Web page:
Proving that classic opera doesn’t have to be reactionary, Kasper Holten’s directing debut at his own Royal Opera offers all the psychological sensitivity that Konwitschny lacks. His Eugene Onegin becomes a memory-play, with the older Onegin and Tatyana watching helplessly as their doomed romance plays out in front of them. To reinforce this doubled consciousness Holten also casts his hero and heroine as both dancers and singers, allowing movement to fill the visual gaps where Tchaikovsky’s music speaks so eloquently. The letter scene in particular lives vividly in this treatment, allowing Krassimira Stoyanova to deliver the pure vocal emotion of her aria while drama is carried by the throbbing movements of Vigdis Hantze Olsen.

Mia Stensgaard’s sets are a baroque fantasy of windows and doorways – thresholds for a romance that exists in the liminal spaces between thought and action, emotion and regret, public and private life. They frame Holten’s stylised naturalism with easy elegance and the aid of Leo Warner’s evocative video designs.

While on opening night Robin Ticciati’s conducting was a problem, failing to assert personality on the score or control the power struggles between stage and pit, things will doubtless settle as the run progresses. His cast supplement any orchestral lack, with Elena Maximova’s authentically dark Russian mezzo bringing rare heft to Olga, and Pavol Breslik relishing the passionate purity of Lensky. Simon Keenlyside makes for a persuasive Onegin, stalking the stage with dandified self-consciousness, only to see his control eroded, collapsing with potent release into his final confrontation with Tatyana.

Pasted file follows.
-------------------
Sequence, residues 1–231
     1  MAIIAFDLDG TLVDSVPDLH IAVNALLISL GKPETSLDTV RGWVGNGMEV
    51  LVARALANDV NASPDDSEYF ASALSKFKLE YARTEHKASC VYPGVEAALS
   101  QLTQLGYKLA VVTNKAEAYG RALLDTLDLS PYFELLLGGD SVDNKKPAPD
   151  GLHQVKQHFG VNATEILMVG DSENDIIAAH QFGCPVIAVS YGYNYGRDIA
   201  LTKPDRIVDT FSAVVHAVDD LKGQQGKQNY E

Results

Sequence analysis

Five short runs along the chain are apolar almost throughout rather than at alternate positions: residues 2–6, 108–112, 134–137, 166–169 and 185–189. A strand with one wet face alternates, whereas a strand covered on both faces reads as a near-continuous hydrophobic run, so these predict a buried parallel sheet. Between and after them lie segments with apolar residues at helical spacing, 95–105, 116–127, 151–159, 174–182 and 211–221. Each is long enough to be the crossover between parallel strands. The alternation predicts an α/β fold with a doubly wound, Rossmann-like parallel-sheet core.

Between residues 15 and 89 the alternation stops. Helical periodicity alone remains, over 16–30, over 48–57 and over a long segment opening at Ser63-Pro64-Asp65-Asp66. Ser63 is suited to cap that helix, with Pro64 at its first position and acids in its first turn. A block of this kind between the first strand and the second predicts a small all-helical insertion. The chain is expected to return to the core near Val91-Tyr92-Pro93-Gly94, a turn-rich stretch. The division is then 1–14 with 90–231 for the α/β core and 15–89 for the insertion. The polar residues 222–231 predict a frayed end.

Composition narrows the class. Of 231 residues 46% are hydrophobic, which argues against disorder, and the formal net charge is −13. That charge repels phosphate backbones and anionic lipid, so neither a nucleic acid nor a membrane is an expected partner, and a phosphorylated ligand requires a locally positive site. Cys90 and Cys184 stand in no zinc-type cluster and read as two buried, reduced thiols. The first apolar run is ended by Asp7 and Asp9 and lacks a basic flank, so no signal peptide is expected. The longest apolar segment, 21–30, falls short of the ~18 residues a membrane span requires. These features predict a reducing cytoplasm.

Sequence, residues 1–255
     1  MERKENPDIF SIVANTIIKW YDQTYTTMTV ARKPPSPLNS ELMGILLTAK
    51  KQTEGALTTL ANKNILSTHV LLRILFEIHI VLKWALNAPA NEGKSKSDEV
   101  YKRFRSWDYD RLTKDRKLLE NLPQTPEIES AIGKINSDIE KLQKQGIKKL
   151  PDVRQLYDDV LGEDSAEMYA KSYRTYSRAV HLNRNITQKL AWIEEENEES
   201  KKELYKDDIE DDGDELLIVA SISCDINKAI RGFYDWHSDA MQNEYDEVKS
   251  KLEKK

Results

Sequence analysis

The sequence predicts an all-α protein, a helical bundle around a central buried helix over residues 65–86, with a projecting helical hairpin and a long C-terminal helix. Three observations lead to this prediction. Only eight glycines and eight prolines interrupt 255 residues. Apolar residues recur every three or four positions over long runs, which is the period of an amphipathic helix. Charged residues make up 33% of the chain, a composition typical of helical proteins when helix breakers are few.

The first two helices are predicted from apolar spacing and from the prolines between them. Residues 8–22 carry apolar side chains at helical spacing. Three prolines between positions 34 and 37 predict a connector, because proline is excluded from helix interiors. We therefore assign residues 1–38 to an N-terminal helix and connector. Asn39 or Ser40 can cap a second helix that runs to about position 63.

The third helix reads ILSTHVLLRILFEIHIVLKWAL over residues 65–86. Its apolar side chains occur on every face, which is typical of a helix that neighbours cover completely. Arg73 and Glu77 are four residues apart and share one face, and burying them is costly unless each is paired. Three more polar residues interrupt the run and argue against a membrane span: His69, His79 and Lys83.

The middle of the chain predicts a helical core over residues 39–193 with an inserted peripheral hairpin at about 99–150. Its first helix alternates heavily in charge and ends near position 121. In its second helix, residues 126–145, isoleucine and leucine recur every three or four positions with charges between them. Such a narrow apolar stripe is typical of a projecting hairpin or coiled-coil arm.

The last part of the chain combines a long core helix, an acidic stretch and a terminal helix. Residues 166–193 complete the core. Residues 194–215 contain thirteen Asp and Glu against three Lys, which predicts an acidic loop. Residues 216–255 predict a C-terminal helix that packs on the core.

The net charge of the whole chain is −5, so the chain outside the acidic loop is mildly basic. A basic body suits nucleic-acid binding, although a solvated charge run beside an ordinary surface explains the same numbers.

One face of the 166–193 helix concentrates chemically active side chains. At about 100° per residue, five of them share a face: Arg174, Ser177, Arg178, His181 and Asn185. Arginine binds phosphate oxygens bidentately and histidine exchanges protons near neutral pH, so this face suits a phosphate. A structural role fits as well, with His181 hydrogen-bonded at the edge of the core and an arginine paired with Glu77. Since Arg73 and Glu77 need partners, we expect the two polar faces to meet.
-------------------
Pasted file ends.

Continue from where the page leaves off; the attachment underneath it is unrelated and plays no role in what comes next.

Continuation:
Revisionism and innovation take many forms, and sometimes the more delicate reworkings can yield the greater impact, using convention as a context on which to build and develop. Konwitschny’s traviata strips opera of all that makes it opera in the name of novelty. Since he replaces it with so little he can hardly be surprised when the result feels brittle and spectacularly purposeless. 

A scene from La traviata (Credit: ENO)

Alexandra Coghlan is the New Statesman's classical music critic.

Hydar Dewachi/Owen G. Parry
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Larry is Real: how One Direction fanfiction is inspiring the London art scene

“These fictions are an opportunity to create – for pure expression in their field.

Where does the boundary lie between fanfiction and art? It’s a question that has become more and more prominent as fanfiction’s influence over popular culture continues to rise. London-based artist and Central St Martin’s lecturer Owen G Parry argues that there is no boundary at all. His latest work explores the world of “Larry Stylinson”, that is, fanfiction and fanart that explore a sexual relationship between One Direction band members Harry Styles and Louis Tomlinson.  

Showing as part of the Jerwood Gallery’s “Common Property” exhibition, Parry’s pieces include Larry Underwater Kiss, a digital silk print, Larry!Hiroglyfics, etched drawings of the couple on Perspex alongside the slogan ship everything, and Larry!Domestic: masks of Louis and Harry in pink containers, alongside a wearable pregnant belly marked with Harry’s tattoos. The exhibiton event included a live piece of performance art, featuring One Direction lookalikes kissing, hugging and undressing one another.